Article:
The number of U.S. homeowners swept up in the housing crisis rose further last month, with foreclosure filings up nearly 50 percent compared with a year earlier, a foreclosure listing company said Friday.First this is a huge increase over the last year. That is 261,255 homes that are currently in some state of the foreclosure process - that does not include homes in the foreclosure process that did not have a filing in May, so the numbers are probably even higher.
Nationwide, 261,255 homes received at least one foreclosure-related filing in May, up 48 percent from 176,137 in the same month last year and up 7 percent from April, RealtyTrac Inc. said.
The increase of interest rates will cut into what buyers can afford. In order to turn over the properties prices will have to decrease even more. Those ARMs and Option ARMs - that once made very expensive properties appear to have affordable monthly payments - are no longer available. The time when you could state your income to purchase the home of your dreams - that is also a thing of the past.
The combination of weak housing sales, falling home values, tighter mortgage lending criteria and a slowing U.S. economy has left financially strapped homeowners with few options to avoid foreclosure. Many can't find buyers or owe more than their home is worth and can't get refinanced into an affordable loan.
Making matters worse, mortgage rates have been rising, reflecting increased concerns about what the Federal Reserve might do to battle inflation. Freddie Mac, the mortgage company, reported Thursday that 30-year fixed-rate mortgages averaged 6.32 percent this week, the highest level in nearly eight months and up sharply from 6.09 percent last week.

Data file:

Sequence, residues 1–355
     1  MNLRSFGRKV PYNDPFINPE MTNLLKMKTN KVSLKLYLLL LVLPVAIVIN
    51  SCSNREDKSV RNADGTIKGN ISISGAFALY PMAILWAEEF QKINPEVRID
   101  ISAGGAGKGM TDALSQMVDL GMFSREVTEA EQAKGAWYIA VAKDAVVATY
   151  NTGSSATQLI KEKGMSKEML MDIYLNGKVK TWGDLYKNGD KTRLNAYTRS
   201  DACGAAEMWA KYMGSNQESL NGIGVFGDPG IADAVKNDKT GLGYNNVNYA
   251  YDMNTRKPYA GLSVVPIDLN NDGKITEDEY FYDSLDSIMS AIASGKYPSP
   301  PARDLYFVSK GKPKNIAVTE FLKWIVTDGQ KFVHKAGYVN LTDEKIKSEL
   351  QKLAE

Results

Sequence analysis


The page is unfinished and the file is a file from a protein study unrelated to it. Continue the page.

Rick Sharga, RealtyTrac's vice president of marketing, said foreclosures are unlikely to peak until sometime this fall, as more loans made to borrowers with poor credit records reset at higher levels. "I don't think we've seen the high point," he said.When the rest of the ARMs reset and the Option ARMs recast we will see a huge swell of homes going into foreclosure. The high point will come in the next few years. And so the downward spiral goes.
As foreclosed properties pile up, they add to the inventory of homes on the market and drag down home prices. The trend is most dramatic in many parts of California, Florida, Nevada and Arizona, where prices skyrocketed during the housing boom and are now falling precipitously.Sellers are going to have to compete with banks. The banks will eventually just want to unload the properties at any price. It is a good time for buyers, but there is a much smaller pool of buyers now.
Sales of foreclosures, vacant new homes and other distressed properties now dominate some markets, causing grief for individual homeowners who need to sell for other reasons, like a job in a new city.
Nationwide, one out of every four sales between January and March was a distressed sale, and that figure jumps to more than 50 percent in the hardest-hit areas like Las Vegas, Detroit and distant suburbs of Los Angeles, according to Moody's Economy.com.
This is rough news. It will continue the downward housing spiral. As more homes go into foreclosure, prices will fall. As prices fall more people will be underwater. This in turn will increase the rate of foreclosure. And so the cycle goes until something stops it.